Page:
Mary J. Blige’s Musical Background and Career
Mary J. Blige was born on January 11, 1971, into a violent family where her father abused her mother and abandoned them. Born in the Bronx, New York, Mary J. Blige was exposed to different childhood experiences that ranged from violence in her family to drug and substance abuse. Her mother was a nurse and an alcoholic while her father played the bass guitar and served in the military where he was exposed to Post Traumatic Stress Disorder (PTSD), leading to his violent outbursts. At some point, Mary J. Blige recalls moving to the Yonkers housing project to get away from his father but was only met with more horrific stories of women screaming and crying at night. At five, Mary J. Blige was sexually abused by people she was supposed to trust. However, Mary J. Blige sadly succumbed to drugs and sex when she was 16 but music and the church were her saving grace.
Mary J. Blige broke the shackles of doom with her What’s the 411 and My Life albums, which became an instant hit selling more than 3 million copies. Mary J. Blige’s musical inspiration came from the church and listening to her mother’s musical collection, which mostly comprised of soul records. Despite her tough image attributed to drug abuse and street influence, Mary J. Blige’s image softened over time as her musical career blossomed. It should be noted that her continuous involvement in music and collaboration with legendary producers such as Sean Combs, exposed Mary J. Blige to an enabling environment where she could pursue her music dreams and connect with her diverse audience. It should be noted that Mary J. Blige’s childhood has had a significant impact on her life based on the public’s perception about her music and beyond. Despite her troubled relationship with her father, Mary J. Blige attributes her musical success to her father’s inspiration who helped shaped her perspective during the occasional visits to her father.
Beyond her immediate family and friends, Aretha Franklin, Chaka Chan, and Gladys Knight played a critical role in shaping Mary J. Blige’s perspectives towards music. Aretha Franklin, deceased, was a legendary songwriter, pianist, and a civil rights activist who championed for women’s rights, supporting access to nutritional food, and promoting charity events. Known for her number one song, Respect, Aretha Franklin provided Mary J. Blige with the much-needed inspiration to jumpstart her musical career and conquer her fears on the big stage. In the same vein, Chaka Chan’s Ain’t Nobody pushed her to greater heights of success where she could inspire young women such as Mary J. Blige who looked up to her during their growth and development. Other influential women such as Gladys Knight also played a critical role of shaping Mary J. Blige’s musical career by exposing her to the inner workings of the music industry and sharing their success, at a time when women were treated as second class citizens.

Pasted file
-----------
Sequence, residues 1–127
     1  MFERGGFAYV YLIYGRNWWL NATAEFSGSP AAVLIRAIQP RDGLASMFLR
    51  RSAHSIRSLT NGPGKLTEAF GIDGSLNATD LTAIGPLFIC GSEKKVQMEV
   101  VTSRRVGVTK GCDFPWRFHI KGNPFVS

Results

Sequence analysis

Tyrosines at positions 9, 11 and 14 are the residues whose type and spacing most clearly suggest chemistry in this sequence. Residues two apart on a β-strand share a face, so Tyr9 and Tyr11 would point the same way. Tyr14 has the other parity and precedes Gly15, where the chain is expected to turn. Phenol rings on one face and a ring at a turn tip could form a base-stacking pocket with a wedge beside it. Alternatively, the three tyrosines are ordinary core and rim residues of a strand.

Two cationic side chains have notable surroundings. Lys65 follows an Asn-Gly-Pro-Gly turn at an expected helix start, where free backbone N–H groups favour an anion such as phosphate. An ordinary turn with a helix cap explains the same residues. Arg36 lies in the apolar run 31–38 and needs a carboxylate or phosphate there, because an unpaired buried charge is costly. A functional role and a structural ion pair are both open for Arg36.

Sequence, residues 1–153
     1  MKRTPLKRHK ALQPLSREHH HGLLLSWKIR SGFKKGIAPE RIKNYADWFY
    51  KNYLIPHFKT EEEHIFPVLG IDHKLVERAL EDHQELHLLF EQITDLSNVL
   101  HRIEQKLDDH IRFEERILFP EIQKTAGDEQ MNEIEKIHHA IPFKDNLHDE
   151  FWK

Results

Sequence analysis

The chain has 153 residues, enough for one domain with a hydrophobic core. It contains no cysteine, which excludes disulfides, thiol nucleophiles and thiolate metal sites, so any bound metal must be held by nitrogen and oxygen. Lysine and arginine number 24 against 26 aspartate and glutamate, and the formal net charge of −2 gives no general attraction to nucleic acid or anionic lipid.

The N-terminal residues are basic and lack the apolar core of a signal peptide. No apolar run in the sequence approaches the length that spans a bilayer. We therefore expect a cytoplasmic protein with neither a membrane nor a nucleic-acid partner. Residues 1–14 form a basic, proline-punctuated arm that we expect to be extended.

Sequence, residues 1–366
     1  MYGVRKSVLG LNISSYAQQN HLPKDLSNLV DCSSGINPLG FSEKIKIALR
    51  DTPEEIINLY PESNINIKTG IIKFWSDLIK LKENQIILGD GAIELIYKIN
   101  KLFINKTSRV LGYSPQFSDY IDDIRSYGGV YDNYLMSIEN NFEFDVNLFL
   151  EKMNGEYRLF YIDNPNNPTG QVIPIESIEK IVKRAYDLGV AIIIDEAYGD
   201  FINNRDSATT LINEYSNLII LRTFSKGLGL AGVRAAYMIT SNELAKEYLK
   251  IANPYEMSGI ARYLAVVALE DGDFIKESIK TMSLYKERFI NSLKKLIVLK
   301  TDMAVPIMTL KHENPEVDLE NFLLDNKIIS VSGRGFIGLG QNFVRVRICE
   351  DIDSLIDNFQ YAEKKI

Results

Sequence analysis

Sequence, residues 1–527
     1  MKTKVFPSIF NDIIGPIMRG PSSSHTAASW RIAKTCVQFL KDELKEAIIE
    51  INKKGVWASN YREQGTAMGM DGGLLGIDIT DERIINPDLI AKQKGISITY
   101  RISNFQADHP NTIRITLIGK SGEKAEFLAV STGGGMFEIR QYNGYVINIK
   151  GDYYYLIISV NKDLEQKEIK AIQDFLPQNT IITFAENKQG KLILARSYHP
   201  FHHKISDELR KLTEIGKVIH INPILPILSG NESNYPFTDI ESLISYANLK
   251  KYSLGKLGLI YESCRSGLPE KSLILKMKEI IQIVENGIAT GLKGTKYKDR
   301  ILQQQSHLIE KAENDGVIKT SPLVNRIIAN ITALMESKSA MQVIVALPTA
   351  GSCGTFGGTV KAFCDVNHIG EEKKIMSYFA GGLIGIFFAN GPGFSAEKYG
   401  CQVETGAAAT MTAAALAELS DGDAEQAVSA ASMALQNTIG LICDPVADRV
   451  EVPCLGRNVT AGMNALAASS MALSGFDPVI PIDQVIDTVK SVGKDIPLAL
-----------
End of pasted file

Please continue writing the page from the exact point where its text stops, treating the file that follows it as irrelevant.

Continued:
Be Without You is one of Mary J. Blige’s highest grossing songs that propelled her musical career to become a globally acclaimed artist enjoying support from diverse population groups. The song, which was produced in 2006, was among the most-played songs at the time in U.S. radio. In the same vein, it was certified as a double platinum by the Recording Industry Association of America (RIAA) in 2007. Ten years later, Billboard ranked the song as the most successful RnB and hip hop song of all time, a move that made Mary J. Blige a legendary musician of her time. Even though Mary J. Blige has had numerous breakthroughs in her music career, Be Without You is one of the song that exposed her to inner workings of the industry, where she became a household name and began featuring in films and documentaries because of her influence on young women in the U.S. and beyond.
Not Gon Cry is another addition to Mary J. Blige’s musical war chest that elevated her to greater heights of success. In 1997, Mary J. Blige was awarded her third Grammy for Best Female and RnB vocal performance because for her involvement in Not Gon Cry. Written by Babyface, the song rose to become a global sensation because of its relatability, which are inspired by a plot in a film, Waiting to Exhale. In the movie, the lead character is abandoned by her philandering husband who has low hopes about her. However, the lead character defies all odds and rises to become great again. Mary J. Blige has received numerous accolades for her musical performance and brilliance in this song, which has since been sampled by various artists such as The Game and Bryson Tiller. From this realization, Mary J. Blige’s musical career has a series of interesting twists and turns that showcase the influence of one’s immediate environment and the impact of different activities taking place in a person’s surroundings.